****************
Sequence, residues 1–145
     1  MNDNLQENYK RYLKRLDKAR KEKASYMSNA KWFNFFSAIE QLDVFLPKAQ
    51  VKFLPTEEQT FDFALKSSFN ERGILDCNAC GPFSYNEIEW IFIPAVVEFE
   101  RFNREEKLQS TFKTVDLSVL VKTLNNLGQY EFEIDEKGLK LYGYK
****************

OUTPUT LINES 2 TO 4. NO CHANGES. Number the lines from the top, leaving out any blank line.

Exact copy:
     1  MNDNLQENYK RYLKRLDKAR KEKASYMSNA KWFNFFSAIE QLDVFLPKAQ
    51  VKFLPTEEQT FDFALKSSFN ERGILDCNAC GPFSYNEIEW IFIPAVVEFE
   101  RFNREEKLQS TFKTVDLSVL VKTLNNLGQY EFEIDEKGLK LYGYK